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PEDAR: Executive Summary First-Generation Students in Postsecondary Education: A Look at Their College Transcripts
Introduction
First-Generation Students in Postsecondary Education: A Brief Portrait
Remedial Coursetaking
Undergraduate Major
Credits Earned
Coursetaking in Selected Areas
Postsecondary Performance
Factors Related to Degree Completion and Persistence
Conclusion
Research Methodology
References
Full Report (PDF)
Executive Summary (PDF)
First-Generation Students in Postsecondary Education: A Brief Portrait

About 28 percent of the NELS 1992 12th-graders were first-generation students (figure A). However, they represented 22 percent of those who entered postsecondary education between 1992 and 2000, indicating that first-generation students were less likely than other students to attend college within 8 years after high school.4 Roughly 4 in 10 (43 percent) first-generation students who entered postsecondary education during this period left without a degree by 2000, while 24 percent had graduated with a bachelor’s degree (figure A). The opposite pattern was observed for students whose parents were college graduates: a large majority (68 percent) had completed a bachelor’s degree, while 20 percent left without a degree.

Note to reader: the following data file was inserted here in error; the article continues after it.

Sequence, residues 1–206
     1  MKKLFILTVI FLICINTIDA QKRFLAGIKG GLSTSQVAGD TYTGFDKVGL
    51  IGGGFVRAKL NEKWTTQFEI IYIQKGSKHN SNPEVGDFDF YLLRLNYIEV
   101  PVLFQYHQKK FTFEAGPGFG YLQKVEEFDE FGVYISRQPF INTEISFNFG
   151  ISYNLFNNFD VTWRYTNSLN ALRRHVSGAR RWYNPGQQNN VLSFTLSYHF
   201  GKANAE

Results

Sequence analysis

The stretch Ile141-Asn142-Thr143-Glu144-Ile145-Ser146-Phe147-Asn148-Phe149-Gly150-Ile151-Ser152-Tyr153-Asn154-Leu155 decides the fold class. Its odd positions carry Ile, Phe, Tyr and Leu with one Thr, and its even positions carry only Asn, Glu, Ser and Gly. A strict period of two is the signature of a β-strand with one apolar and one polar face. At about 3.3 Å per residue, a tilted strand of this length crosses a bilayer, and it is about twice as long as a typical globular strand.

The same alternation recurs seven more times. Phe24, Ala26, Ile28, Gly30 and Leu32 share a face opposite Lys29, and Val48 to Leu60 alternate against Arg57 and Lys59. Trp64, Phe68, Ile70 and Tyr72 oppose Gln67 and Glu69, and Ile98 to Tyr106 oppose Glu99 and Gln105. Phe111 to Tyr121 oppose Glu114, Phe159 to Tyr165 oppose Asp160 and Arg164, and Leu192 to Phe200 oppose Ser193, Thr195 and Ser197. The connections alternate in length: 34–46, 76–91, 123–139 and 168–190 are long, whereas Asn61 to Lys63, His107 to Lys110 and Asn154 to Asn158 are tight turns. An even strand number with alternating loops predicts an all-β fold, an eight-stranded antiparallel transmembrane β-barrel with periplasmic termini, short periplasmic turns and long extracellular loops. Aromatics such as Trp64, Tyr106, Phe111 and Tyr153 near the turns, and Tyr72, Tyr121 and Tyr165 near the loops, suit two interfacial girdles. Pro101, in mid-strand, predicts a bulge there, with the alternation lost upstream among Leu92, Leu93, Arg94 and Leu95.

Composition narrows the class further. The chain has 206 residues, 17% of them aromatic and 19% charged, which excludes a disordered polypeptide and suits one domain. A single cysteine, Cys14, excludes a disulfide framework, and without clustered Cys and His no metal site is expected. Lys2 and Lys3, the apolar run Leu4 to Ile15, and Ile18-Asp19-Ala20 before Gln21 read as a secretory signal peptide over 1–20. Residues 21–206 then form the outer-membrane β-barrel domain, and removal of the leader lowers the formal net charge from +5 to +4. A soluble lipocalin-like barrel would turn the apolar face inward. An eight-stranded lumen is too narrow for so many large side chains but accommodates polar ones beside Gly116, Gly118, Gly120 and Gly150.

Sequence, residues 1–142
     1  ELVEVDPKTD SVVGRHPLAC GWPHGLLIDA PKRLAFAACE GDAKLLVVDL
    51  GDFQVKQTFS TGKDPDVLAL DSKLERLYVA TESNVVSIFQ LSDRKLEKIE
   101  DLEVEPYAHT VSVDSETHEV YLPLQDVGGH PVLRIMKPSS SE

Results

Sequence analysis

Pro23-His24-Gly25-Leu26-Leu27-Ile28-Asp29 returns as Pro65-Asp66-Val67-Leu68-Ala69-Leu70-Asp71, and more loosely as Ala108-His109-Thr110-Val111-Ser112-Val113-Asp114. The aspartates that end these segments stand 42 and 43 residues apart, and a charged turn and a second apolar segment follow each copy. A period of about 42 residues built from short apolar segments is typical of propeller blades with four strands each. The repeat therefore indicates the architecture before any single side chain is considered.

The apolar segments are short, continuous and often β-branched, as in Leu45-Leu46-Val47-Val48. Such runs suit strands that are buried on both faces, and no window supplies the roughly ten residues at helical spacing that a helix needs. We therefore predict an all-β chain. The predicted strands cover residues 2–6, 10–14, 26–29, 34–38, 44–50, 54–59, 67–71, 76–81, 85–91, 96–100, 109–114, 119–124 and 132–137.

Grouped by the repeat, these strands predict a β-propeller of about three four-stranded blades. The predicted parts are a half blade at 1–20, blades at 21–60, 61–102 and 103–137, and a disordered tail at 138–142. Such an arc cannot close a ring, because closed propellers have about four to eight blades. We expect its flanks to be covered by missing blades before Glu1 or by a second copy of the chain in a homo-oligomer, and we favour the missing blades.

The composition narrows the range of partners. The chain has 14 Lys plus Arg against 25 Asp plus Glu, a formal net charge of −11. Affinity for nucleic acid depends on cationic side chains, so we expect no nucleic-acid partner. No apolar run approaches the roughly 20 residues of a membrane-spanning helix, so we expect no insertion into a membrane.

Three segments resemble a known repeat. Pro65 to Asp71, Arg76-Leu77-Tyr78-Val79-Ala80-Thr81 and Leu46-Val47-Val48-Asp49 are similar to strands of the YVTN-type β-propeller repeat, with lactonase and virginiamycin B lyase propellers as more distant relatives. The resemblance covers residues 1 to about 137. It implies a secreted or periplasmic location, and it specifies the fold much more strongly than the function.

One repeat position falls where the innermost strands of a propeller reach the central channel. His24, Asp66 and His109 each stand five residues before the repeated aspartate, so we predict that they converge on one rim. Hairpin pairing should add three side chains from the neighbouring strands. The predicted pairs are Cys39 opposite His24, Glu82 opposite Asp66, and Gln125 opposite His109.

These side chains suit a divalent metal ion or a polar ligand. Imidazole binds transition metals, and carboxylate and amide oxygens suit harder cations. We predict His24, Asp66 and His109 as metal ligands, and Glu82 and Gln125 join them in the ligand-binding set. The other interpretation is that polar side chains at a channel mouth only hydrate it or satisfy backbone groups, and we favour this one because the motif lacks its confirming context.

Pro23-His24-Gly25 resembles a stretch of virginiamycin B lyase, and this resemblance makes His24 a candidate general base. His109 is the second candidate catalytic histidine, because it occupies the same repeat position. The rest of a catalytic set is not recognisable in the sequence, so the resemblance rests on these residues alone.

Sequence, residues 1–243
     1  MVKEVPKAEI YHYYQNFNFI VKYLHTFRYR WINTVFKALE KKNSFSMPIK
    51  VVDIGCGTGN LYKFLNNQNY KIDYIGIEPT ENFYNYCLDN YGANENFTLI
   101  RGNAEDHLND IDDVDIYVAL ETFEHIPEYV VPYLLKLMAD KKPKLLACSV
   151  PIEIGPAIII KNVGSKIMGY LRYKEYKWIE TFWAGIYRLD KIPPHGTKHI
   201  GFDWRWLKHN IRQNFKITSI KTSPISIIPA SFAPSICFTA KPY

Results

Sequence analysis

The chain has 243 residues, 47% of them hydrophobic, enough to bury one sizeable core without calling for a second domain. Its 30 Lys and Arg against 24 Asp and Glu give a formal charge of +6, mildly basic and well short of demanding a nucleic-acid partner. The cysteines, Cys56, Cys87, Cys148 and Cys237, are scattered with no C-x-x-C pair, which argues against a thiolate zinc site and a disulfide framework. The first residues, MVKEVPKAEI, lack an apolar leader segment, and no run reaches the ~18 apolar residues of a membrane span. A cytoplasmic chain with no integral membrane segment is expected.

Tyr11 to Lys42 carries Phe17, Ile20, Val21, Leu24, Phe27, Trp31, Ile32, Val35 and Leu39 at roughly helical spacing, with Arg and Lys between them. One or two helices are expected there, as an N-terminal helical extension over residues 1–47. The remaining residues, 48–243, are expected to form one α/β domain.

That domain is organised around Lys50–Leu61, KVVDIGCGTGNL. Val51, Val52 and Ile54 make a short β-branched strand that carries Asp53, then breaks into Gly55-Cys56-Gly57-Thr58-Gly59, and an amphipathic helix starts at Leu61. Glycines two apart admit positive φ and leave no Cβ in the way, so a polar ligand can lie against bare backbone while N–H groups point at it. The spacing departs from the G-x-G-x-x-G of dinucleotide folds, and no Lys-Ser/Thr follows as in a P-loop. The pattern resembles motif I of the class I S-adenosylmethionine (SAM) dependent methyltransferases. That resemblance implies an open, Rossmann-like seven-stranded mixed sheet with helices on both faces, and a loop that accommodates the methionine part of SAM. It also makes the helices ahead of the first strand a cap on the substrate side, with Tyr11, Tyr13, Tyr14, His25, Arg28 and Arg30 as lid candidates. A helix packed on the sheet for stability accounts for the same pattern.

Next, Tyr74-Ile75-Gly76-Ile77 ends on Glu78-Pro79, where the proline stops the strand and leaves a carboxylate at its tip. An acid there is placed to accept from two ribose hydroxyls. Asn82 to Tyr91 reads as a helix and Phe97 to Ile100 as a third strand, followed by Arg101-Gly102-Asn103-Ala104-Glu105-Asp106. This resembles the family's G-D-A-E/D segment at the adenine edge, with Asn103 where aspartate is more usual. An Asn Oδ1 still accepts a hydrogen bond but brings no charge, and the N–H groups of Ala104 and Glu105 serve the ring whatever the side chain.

As in earlier studies (Ishitani 2003), this report found that first-generation students had some family and background characteristics that are associated with attrition. Compared with their peers whose parents were college graduates, first-generation students were more likely to be Black or Hispanic and to come from low-income families (table 1). They were less prepared academically for college as demonstrated by their lower rates of taking higher-level mathematics courses in high school, their lower senior achievement test scores, and their lower college entrance examination scores. They were also more likely to delay postsecondary entry, begin at a 2-year institution, and attend part time and discontinuously (table 2). These characteristics, as shown in earlier research, put them at potential risk for not persisting in their postsecondary studies and completing a degree (Nuñez and Cuccaro-Alamin 1998).


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National Center for Education Statistics - http://nces.ed.gov
U.S. Department of Education